The Lincoln Zephyr was introduced in 1936 and given its name and styling after the streamlined Burlington Zephyr express train (which in turn was named after Zephyrus, the god of the West Wind in Greek mythology). The styling was courtesy of Dutch-born designer John Tjaarda who was employed at the Briggs Body Corporation. The streamlined body was lightweight and elegant. Before production began, Bob Gregorie restyled the original front end design.
Lincoln's 1941 lineup consisted of three model groups; the series 15H 1941 Lincoln Zephyr, the Continental Coupe and cabriolet (now bearing appropriate badges), and the 138 inch wheelbase Series 168H Custom sedan and limousine.
The Zephyr had unibody construction and a 292 cubic-inch 12-cylinder engine that produced 120 horsepower. The four-wheel hydraulic drum brakes provided adequate stopping. In 1941 several styling changes were introduced that included minor changes to bumpers, grilles, and headlamp rims. The parking lights now were on top of the front fenders, where they doubled as turn signals and the hood release was moved from the hood ornament to inside the cabin.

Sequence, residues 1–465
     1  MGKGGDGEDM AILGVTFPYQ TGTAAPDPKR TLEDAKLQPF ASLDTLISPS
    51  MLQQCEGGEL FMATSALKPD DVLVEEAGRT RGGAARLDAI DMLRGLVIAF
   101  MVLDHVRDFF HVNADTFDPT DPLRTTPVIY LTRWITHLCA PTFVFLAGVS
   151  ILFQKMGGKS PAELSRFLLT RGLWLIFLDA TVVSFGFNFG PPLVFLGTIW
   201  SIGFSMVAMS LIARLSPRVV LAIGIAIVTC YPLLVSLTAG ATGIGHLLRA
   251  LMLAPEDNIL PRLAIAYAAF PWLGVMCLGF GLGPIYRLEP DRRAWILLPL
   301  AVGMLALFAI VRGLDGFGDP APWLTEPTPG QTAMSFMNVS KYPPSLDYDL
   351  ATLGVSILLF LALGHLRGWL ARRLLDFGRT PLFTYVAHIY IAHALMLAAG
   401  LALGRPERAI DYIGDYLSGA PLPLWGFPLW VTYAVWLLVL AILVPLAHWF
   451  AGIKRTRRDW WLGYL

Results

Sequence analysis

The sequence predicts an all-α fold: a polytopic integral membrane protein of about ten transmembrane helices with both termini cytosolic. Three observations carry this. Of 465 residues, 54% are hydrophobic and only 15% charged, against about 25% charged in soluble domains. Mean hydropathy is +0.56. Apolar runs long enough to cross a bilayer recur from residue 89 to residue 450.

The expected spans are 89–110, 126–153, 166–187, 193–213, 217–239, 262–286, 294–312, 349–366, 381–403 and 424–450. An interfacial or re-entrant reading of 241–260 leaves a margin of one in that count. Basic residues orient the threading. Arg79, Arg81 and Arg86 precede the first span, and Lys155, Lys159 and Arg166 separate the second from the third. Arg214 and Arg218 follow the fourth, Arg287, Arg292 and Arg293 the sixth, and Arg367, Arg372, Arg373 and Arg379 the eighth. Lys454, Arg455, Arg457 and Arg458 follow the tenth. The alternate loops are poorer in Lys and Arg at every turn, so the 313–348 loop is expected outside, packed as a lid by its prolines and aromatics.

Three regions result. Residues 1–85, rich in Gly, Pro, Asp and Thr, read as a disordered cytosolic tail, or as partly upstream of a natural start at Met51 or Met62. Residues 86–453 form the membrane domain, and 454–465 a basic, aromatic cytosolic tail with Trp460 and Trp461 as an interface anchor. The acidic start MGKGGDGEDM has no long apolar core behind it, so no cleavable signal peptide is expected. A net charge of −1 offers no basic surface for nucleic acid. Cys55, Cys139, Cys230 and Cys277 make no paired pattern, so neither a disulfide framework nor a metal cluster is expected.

There were minor suspension modifications, including longer, wider springs that gave slower ride motions. Convertibles acquired electrically powered top mechanisms, and a new deluxe radio with a foot switch for changing stations became available at extra cost.
Another new option was Borg-Warner overdrive, an alternative to the two-speed Columbia rear axle offering since 1936. Total production in 1941 was 14,469 cars of all body types. Only 972 were 3 passenger coupes. The Zephyr stayed in production until 1942.